Hashtags, Waned Generosity and the Unending Black on Black Test of Endurance of Foreign Nationals in South Africa

Adetola Elizabeth Umoh, university of kwazulu-Natal

The study of migration and integration is active and contested in African countries. Contemporary discourse on migration in the Republic of South Africa reveals recurring attacks on foreign nationals over the past decade. Recent literature shows that the attacks have mainly targeted foreign nationals from other African countries. However, this growing literature focuses on physical attacks on foreigners while negating cyberspace ones. This paper focuses on attacks on foreign nationals in virtual space. The paper addressed two research questions: In what way are migration and migrants being portrayed on South African Twitter? In what way are Twitter hashtags being used to perpetuate Afrophobia and xenophobia? A study of two hashtags was conducted. The article drew from the scapegoating theory to interrogate tweets on South African Twitter. Data was generated using an online hashtag tracker. A qualitative content analysis of two hashtags (# PutSouthAfricansFirst,# and NormaliseHiringSACitizens) was conducted. The study noted the omnipresent view that all black foreigners in South Africa were “illegal immigrants” regardless of their migration status. Besides, black foreigners were stereotyped as criminals. The Department of Home Affairs was viewed as complicit in the influx of illegal immigrants in South Africa through corrupt activities, draconian migration policiess. The tweets also blamed the government for its inability to resolve the problem of illegal immigrants. The study established that hashtags were now the new frontier for Afrophobic attacks on black foreigners in South Africa. Couple with locals taking the law into their hands either by confrontation and jungle justice to debar foreign nationals from accessing social services such as healthcare and labour market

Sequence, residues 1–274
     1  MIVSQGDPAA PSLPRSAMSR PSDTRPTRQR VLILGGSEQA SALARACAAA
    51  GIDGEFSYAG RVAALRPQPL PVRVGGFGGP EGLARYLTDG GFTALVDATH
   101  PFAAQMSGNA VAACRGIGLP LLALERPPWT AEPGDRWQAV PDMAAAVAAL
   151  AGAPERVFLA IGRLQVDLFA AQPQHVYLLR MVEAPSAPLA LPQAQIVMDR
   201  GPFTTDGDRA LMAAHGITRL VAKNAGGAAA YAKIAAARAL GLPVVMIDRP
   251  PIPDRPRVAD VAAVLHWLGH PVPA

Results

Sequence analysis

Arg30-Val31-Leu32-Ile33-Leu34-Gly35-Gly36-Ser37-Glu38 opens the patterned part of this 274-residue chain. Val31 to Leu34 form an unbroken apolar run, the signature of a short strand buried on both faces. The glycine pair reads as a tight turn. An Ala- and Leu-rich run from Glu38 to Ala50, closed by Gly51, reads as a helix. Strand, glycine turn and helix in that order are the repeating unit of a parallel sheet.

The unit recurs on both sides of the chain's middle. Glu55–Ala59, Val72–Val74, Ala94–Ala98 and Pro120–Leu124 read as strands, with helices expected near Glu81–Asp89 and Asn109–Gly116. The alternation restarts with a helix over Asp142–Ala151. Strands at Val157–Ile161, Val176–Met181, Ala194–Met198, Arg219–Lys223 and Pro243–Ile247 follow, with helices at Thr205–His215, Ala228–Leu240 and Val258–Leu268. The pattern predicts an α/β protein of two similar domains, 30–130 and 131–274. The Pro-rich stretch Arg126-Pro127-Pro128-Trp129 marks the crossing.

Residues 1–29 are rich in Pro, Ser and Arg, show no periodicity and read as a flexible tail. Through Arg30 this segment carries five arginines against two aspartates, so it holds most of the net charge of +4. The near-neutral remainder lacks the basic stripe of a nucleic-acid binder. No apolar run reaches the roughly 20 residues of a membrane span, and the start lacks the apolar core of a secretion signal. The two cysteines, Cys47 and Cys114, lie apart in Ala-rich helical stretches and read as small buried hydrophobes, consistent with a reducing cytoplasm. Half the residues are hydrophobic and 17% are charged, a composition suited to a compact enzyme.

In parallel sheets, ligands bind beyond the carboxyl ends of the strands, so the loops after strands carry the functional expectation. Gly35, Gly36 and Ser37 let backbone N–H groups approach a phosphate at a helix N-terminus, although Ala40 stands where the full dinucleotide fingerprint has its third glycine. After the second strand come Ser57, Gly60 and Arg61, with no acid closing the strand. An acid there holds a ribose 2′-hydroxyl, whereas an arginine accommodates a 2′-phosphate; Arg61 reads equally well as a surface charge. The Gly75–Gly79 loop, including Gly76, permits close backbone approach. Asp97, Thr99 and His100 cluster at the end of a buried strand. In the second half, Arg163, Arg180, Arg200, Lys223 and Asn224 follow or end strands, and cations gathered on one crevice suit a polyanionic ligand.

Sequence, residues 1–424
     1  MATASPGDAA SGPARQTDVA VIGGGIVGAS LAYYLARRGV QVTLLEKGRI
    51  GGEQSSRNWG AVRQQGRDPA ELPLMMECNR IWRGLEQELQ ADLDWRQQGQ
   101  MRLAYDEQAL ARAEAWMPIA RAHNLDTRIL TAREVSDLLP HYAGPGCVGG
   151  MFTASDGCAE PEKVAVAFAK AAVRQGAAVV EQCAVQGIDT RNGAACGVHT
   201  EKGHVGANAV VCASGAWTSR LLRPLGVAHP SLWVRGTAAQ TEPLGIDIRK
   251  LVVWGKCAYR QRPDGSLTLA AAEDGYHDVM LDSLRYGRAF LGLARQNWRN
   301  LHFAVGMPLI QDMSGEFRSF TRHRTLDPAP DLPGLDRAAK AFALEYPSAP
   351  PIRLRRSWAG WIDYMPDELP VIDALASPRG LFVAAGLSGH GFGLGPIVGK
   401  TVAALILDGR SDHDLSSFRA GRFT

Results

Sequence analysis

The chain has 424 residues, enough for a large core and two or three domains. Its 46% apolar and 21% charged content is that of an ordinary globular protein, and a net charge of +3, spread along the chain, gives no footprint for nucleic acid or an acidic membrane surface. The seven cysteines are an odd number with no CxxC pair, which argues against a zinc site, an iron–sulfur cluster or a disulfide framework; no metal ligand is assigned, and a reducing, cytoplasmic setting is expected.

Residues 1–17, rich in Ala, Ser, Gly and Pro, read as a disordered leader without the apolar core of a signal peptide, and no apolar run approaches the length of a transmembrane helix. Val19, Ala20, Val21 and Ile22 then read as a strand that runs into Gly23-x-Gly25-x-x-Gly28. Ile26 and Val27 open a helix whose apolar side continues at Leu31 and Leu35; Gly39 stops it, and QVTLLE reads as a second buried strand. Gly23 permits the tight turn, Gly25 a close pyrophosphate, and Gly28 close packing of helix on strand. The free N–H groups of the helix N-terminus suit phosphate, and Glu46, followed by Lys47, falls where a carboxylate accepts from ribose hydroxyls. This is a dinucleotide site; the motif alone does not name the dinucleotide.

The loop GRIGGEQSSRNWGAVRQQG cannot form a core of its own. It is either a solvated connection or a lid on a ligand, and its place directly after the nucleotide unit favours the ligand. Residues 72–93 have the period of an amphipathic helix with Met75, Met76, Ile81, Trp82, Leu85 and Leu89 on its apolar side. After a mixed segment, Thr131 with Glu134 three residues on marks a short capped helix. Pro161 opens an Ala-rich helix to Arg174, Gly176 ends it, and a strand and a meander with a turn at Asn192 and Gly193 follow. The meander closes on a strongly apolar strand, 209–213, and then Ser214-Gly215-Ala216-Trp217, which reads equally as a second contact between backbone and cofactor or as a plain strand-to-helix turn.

No extended abstract or paper available

 Presented in Session 188. Here, There, Everywhere: Blackness Across the Globe